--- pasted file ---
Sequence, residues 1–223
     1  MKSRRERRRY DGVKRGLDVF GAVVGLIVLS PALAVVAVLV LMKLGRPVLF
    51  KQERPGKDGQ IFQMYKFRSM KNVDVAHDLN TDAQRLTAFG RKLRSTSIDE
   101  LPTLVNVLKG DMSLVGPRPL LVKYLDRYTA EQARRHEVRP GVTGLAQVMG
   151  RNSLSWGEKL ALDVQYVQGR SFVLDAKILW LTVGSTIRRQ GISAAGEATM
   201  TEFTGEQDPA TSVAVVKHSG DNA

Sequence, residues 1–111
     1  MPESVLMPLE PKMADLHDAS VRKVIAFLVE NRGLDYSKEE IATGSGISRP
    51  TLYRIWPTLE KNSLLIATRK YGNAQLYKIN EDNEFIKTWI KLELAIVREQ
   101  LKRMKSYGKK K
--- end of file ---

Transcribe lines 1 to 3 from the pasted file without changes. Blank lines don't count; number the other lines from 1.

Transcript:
Sequence, residues 1–223
     1  MKSRRERRRY DGVKRGLDVF GAVVGLIVLS PALAVVAVLV LMKLGRPVLF
    51  KQERPGKDGQ IFQMYKFRSM KNVDVAHDLN TDAQRLTAFG RKLRSTSIDE